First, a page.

On crisp autumn Friday nights in my collegiate hometown, visiting teams in the late 1980s who made strong plays against the Norman High School Tiger football team might hear “We have more National Merit Scholars than you do!” Maybe our team didn’t win every football game, but we were sure proud of our academic success. Of the six teachers I had my junior year, four held doctorate degrees. The two who didn’t were the yearbook advisor and the history teacher. Feeding straight into stereotypes, the history teacher was among the football coaches.
These days, Norman has two high schools. I presume football is still important to both the Tigers and whoever prances around in green on a campus haunted by spirits of Longfellow Middle School past. I am sure that residents of Norman will say academics are still important, but it’s hard to believe that they have the same level of support as back in the day when the town had never voted down a bond for education.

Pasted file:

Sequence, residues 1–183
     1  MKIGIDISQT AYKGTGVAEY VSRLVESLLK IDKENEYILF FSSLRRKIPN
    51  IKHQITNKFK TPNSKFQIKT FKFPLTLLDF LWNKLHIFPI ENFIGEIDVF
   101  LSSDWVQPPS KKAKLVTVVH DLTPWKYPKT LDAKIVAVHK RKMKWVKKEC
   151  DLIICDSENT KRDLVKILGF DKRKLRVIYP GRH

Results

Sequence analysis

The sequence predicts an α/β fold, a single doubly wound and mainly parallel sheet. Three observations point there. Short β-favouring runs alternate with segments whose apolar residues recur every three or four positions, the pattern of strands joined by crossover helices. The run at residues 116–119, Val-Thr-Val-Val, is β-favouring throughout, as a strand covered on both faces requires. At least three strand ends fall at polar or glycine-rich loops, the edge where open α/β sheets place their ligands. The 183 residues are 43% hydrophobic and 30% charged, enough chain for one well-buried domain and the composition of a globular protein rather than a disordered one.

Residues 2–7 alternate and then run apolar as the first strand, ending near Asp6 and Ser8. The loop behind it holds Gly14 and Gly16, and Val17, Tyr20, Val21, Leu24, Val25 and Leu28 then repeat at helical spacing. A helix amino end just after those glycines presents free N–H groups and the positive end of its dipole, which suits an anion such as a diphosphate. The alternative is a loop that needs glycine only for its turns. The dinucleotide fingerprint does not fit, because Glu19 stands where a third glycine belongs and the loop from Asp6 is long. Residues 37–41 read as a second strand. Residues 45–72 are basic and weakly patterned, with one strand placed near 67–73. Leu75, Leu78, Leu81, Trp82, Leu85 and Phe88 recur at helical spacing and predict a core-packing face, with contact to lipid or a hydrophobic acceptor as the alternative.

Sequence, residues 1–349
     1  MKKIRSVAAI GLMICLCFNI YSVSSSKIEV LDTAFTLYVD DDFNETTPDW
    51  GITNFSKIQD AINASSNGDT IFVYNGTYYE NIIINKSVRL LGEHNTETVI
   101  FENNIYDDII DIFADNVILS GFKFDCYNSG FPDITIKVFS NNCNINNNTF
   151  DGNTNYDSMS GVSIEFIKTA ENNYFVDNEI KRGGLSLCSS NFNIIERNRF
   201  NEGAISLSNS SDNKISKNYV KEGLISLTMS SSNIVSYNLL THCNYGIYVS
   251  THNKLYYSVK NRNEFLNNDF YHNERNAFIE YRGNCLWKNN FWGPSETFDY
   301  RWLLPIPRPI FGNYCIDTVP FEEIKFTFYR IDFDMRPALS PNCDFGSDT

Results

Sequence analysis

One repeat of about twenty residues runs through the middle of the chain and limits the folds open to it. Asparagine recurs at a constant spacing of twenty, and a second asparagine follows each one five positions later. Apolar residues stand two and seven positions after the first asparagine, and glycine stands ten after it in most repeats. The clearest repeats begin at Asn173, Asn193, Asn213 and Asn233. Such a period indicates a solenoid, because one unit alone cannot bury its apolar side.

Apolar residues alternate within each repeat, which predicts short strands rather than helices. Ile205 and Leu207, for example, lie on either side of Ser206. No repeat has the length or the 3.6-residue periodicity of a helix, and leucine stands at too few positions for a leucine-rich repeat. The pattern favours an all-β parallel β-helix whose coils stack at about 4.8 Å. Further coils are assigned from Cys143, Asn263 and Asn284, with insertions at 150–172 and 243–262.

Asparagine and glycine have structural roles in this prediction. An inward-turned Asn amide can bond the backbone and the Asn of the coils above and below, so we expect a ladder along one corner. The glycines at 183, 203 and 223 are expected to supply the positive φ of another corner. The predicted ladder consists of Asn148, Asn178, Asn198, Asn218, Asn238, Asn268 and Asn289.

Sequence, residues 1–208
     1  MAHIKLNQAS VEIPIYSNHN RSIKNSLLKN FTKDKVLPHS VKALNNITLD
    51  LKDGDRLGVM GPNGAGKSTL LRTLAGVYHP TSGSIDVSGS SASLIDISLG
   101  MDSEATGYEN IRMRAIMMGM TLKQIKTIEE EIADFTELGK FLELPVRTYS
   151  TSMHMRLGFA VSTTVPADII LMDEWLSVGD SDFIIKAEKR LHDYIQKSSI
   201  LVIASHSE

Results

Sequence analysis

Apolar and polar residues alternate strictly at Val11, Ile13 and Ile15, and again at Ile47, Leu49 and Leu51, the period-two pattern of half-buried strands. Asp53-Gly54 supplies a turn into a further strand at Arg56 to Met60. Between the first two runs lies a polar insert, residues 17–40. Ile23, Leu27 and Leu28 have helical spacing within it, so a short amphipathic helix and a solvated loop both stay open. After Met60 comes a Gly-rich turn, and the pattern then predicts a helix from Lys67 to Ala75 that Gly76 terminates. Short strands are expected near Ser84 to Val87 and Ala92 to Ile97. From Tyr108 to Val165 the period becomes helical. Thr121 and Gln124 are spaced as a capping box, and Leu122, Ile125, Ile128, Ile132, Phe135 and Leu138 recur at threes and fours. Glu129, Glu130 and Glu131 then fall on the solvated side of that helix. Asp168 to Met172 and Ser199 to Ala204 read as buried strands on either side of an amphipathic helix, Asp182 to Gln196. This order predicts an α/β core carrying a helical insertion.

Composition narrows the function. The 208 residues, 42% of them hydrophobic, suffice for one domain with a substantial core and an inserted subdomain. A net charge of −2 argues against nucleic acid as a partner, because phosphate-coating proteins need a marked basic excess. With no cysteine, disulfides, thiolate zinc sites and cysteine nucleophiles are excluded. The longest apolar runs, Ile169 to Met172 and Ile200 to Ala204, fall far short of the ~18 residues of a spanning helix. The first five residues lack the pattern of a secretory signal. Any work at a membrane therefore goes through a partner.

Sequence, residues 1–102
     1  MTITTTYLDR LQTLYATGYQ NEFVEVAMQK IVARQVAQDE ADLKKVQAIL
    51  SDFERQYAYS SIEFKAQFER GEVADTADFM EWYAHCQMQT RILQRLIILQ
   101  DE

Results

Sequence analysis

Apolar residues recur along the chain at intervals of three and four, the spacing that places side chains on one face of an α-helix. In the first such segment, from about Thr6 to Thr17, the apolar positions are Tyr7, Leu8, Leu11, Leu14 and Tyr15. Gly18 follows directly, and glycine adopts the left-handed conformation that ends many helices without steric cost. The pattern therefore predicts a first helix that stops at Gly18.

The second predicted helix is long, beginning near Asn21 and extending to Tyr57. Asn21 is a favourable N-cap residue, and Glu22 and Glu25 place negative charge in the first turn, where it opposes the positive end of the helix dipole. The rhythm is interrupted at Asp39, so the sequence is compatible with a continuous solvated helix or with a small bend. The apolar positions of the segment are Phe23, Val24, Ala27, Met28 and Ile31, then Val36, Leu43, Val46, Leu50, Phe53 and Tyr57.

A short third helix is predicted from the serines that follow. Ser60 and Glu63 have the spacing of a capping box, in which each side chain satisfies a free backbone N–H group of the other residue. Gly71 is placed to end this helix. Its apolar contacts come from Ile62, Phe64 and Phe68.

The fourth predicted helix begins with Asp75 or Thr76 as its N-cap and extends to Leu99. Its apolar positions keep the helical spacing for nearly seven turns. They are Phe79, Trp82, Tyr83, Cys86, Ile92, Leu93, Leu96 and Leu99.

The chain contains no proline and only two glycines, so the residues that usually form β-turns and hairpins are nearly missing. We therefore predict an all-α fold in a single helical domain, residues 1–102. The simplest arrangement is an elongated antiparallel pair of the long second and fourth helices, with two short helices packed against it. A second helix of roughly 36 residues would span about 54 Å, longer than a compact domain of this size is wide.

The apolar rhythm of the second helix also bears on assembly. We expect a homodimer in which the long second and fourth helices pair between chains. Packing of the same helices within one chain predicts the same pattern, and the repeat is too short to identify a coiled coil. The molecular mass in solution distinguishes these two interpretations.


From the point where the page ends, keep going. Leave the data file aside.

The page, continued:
My English teachers had us read the classics, which consisted of nearly all the banned and challenged books of last century. With a few exceptions, these were books about white people written by white men. These offensive texts typically exposed us to profanity or religion or socialism/communism. My teachers didn’t seek banned and challenged books, but we students sure did! Thank goodness I wasn’t a teen mom. I would have named my kid Holden, and lord knows this planet has enough phonies in it.